Tropical storm Nalgae: 98 dead in one of most destructive storms to hit Philippines this year | Philippines

Nearly 100 people have died in one of the most destructive storms to hit the Philippines this year, with dozens more feared missing in a mudslide-hit mountainside village, officials said on Monday.

At least 53 of the 98 people who died were from Maguindanao in the Bangsamoro autonomous region, which was swamped by unusually heavy rains from Tropical Storm Nalgae. The storm blew out of the country and into the South China Sea on Sunday, but more than a million people remained swamped by flood water in several provinces.

A large contingent of rescuers resumed work in Kusiong village in the hard-hit province of Maguindanao, where as many as 80 to 100 people, including entire families, are feared to have been buried by a mudslide or been swept away by flash floods, said local officials.

The government’s main disaster-response agency also reported 69 people were injured and at least 63 others remain missing.

Deadly floods and landslides hit southern Philippines as Storm Nalgae approaches – video

However, authorities said the official tally of missing people did not include most of those feared missing in the huge mudslide that hit Kusiong village because entire families may have been buried and no member was left to provide names and details.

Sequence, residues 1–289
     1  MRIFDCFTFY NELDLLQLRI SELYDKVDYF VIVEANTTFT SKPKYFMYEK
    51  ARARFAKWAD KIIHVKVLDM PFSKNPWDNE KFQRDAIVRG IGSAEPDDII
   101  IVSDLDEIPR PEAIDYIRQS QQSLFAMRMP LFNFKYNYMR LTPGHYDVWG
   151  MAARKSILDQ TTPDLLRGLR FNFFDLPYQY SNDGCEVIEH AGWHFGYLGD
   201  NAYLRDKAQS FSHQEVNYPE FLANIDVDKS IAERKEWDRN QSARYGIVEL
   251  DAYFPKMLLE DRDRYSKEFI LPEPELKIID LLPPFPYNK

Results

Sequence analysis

Residents in Kusiong have carried out disaster-preparedness drills every year for decades to brace for a tsunami due to the history of disasters in the area. But officials said they were not as prepared for the dangers that could come from Mount Minandar, close to where their village lies.

“When the people heard the warning bells, they ran up and gathered in a church on a high ground,” Naguib Sinarimbo, the interior minister of the autonomous region, told The Associated Press on Saturday.

“The problem was, it was not a tsunami that inundated them but a big volume of water and mud that came down from the mountain,” he said.

More than 1 million people were affected by the storm, including more than 900,000 villagers who fled to evacuation centres or the homes of relatives. More than 4,100 houses and 40,180 acres of rice and other crops were damaged by flood waters at a time when the country was bracing for a looming food crisis because of global supply disruptions, officials said.

The stormy weather in large swaths of the country hindered transportation as millions of Filipinos planned to travel over the long weekend for All Saints’ Day in the largely Roman Catholic nation. Nearly 200 domestic and international flights were canceled and Manila’s international airport was briefly closed, stranding thousands of passengers.

President Ferdinand Marcos Jr. expressed disappointment over the high casualty toll in a televised meeting Saturday with disaster-mitigation officials.

“We should have done better,” Marcos Jr. said. “We were not able to anticipate that the volume of water will be that much so we were not able to warn the people and then to evacuate them out of the way of the incoming flash floods.”